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billiards at half past nine

25 july 2022

Till about ten days ago, I had never read anything by Heinrich Böll, the 1972 Nobel Laureate in Literature. As I was passing through Knoxville, Tennessee, a 1970s-vintage mass-market paperback with the unusual title Billiards at Half Past Nine (1962) caught my eye. I bought it for a dollar and a half, read it on a plane trip to Europe, and left it in a hotel closet in Meissen, in the former East Germany. Objects take strange paths across our world.

I guess I had always grouped Heinrich Böll with Günter Grass and Siegfried Lenz, progressive West German postwar writers of variable quality but high ceiling, the consciences of their nation (until Grass was revealed to have a Nazi past he could never admit). In the case of Böll, I was correct enough, but of course had no actual knowledge to back up my presumption. I have now acquired a tiny bit.

Billiards at Half Past Nine is a multigenerational saga. I usually don't like multigenerational sagas. They tend to be told chronologically and thus to behave like a chain of linked shorter pieces; to me that combines drawbacks of both doorstop novels and story cycles. Billiards at Half Past Nine complicates the model, though, by liberally jumping forward and back, from before the first world war to its present moment of 1958. Importantly for me, though, all its central characters are still alive in 1958, from the 80-year-old patriarch of the Faehmel family of architects to his aspiring young grandson Joseph. The kaleidoscope of perspectives through which we see Cologne during a half-century of its history thus has a center in the postwar years. The book's plot is more unified than that of your typical saga; it "takes place" in a single day.

The title Billiards at Half Past Nine is the solution to a mystery that briefly surfaces in its opening pages. The first reflector-character we encounter is Leonore, secretary to the eminent architect Robert Faehmel. Leonore knows everything about Robert except, well, everything about Robert: she has complete knowledge of his business and almost none of him as a person. In particular, she does not know where he disappears to every morning between 9:30 and 11am, leaving instructions to be disturbed by no-one but his immediate family.

Billiards, in a hotel, is the prosaic answer. But Faehmel doesn't really play billiards; he does not compete, he does not even play solitaire-style. He simply knocks the balls around as he tells his life story to a young bellhop named Hugo. Hotel management suspects a tryst, but Faehmel is not interested in Hugo romantically; he just wants a listener, and in turn he wants to listen to any experiences of Hugo's that parallel his own.

To iron out the chronology as Böll never does: before the first war, Robert's father Heinrich comes to Cologne, a rising architect on the make, his whole future scripted for himself. Heinrich wins a contest to design a fabulous abbey; it makes his fortune and fame. He marries a daughter, Johanna, from a prominent Cologne family, and takes over their place in the city's social pecking order. Heinrich and Johanna have several children, but lose them all except Robert – either young, to sickness, or older, to Nazism and the second war. Johanna becomes a pacifist and a dissident, and is committed to an asylum for her pains.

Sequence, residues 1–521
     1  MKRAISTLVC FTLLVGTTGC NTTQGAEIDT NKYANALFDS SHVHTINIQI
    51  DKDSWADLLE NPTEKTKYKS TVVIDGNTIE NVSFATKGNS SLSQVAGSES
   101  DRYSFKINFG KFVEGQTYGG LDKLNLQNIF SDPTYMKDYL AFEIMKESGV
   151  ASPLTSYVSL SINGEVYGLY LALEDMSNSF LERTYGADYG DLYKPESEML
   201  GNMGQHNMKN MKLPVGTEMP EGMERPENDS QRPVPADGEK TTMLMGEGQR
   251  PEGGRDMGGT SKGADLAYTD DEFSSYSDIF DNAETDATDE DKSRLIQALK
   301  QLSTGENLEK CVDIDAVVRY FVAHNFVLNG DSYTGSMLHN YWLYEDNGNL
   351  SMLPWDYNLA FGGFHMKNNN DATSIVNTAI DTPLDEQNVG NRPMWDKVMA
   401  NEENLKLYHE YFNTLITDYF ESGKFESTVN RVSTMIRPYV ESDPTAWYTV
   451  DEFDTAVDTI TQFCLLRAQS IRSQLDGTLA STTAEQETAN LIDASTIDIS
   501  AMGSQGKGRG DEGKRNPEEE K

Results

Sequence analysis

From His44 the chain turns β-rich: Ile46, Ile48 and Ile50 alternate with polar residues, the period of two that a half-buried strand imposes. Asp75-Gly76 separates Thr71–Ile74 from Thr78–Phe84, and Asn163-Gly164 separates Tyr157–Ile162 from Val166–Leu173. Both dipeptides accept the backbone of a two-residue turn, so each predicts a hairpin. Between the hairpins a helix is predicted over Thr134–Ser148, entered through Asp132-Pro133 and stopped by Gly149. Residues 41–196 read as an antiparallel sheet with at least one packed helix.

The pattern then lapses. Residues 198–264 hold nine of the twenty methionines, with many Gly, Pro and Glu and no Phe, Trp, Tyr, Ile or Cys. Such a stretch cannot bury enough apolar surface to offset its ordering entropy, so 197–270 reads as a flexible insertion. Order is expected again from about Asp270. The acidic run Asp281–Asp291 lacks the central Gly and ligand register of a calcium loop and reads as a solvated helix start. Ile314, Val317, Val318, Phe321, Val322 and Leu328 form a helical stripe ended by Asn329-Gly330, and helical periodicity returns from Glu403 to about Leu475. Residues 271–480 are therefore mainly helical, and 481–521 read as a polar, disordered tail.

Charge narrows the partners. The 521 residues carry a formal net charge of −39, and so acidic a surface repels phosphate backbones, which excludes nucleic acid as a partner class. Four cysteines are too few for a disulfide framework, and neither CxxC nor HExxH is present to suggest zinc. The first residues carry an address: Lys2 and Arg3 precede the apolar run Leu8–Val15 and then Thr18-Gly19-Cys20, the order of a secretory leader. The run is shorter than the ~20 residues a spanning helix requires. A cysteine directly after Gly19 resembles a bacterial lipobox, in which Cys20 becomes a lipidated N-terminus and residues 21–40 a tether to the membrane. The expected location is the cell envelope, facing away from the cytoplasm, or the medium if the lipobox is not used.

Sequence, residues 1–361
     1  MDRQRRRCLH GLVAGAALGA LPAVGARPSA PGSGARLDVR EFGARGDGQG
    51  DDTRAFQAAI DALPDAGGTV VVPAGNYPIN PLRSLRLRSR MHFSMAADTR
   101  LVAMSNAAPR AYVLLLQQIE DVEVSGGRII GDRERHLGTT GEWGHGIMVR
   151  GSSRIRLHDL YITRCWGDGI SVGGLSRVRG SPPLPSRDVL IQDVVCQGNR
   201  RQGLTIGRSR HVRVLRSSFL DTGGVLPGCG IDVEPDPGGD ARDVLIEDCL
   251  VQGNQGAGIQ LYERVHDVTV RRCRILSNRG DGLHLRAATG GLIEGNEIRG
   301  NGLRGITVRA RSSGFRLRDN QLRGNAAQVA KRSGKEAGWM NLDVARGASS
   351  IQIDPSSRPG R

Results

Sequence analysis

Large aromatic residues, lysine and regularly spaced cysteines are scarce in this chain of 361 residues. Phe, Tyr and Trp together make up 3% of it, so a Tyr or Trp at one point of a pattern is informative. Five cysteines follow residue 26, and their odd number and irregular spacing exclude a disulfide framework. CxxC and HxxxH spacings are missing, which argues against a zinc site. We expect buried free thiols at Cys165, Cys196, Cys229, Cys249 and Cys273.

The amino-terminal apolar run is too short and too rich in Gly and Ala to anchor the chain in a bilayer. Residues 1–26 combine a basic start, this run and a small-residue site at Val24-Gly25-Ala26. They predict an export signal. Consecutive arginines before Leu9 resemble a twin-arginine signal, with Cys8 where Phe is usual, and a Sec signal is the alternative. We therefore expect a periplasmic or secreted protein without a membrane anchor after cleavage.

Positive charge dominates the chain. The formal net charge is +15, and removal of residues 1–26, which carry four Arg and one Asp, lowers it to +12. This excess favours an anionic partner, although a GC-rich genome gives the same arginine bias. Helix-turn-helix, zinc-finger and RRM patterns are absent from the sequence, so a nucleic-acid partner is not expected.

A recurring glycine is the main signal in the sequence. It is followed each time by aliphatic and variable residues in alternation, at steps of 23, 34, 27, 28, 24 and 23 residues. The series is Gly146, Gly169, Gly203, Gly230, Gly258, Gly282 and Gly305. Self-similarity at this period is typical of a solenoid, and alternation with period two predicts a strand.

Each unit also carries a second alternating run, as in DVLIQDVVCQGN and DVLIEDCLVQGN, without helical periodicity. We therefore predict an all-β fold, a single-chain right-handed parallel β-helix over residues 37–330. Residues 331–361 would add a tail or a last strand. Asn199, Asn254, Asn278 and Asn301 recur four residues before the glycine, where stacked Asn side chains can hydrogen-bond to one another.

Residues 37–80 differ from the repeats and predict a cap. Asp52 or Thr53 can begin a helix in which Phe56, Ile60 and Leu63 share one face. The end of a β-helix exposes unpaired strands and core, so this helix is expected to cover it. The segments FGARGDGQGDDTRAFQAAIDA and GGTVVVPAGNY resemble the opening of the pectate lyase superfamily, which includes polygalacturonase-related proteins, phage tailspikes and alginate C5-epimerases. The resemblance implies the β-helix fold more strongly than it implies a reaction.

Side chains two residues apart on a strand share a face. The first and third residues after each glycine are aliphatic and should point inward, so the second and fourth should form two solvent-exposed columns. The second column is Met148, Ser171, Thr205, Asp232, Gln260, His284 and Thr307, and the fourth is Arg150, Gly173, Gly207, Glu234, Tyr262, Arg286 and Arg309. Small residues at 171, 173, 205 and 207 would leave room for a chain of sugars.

Robert becomes a dissident too, and flees Cologne for a while. He marries Edith, the sister of his friend Schrella, also a dissident and an exile; they have two children. But Edith is killed by a bomb in the second war, and Robert's life changes course. He joins the Wehrmacht, using his architectural knowledge to become an expert at demolition. His greatest, and most profoundly absurd achievement, is to destroy his father's abbey.

Oedipal conflict, you leap to assert, but it isn't really that, at least not all that. Robert even realizes that the Americans who capture him after he destroys the abbey, in the last days of the war, will think he did it to attack his father. But he is also attacking everything: the Church, capitalism, the German war machine, his nation, his past. Nihilism becomes his keynote, as he parlays his expertise into a postwar demolition business.

Eventually, Heinrich is given the job of rebuilding the abbey, and engages Joseph, Robert's son, in the effort. Joseph is the first in the family to learn that Robert was the abbey's destroyer. Disillusion happens regularly in the Faehmel family, as if scheduled for once per generation.

Nazism, of course, haunts the middle of the chronology and the center of the novel. Böll treats the details of Nazism obliquely, preferring to capture its psychological essence rather than to deliver a realistic account. Hitler is not even named; the party is not named. Hindenburg stands in for Hitler, and the party becomes "the Host of the Beast." In the most poignant chapters, schoolyard bullying comes to represent, by metonymy, the brutality of the Nazis. This figurative approach might seem to trivialize Nazism. Though in another sense, Böll directs withering scorn on the Nazis this way. The essence of authoritarian violence is revealed, at heart, to reside in the emotional immaturity of mean, capricious children.

Böll, Heinrich. Billiards at Half Past Nine. [Billard um halb zehn, 1962.] Trans. Leila Vennewitz. NY: Bard [Avon], 1975.

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